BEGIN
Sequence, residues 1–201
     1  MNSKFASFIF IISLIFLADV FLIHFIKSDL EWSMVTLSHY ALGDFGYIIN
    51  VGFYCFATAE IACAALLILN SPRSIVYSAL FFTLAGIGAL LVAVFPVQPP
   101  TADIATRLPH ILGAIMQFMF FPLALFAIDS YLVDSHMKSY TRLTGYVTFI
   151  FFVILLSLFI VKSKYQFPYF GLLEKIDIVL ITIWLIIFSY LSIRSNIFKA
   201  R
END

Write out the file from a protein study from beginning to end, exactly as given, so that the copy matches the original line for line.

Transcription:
Sequence, residues 1–201
     1  MNSKFASFIF IISLIFLADV FLIHFIKSDL EWSMVTLSHY ALGDFGYIIN
    51  VGFYCFATAE IACAALLILN SPRSIVYSAL FFTLAGIGAL LVAVFPVQPP
   101  TADIATRLPH ILGAIMQFMF FPLALFAIDS YLVDSHMKSY TRLTGYVTFI
   151  FFVILLSLFI VKSKYQFPYF GLLEKIDIVL ITIWLIIFSY LSIRSNIFKA
   201  R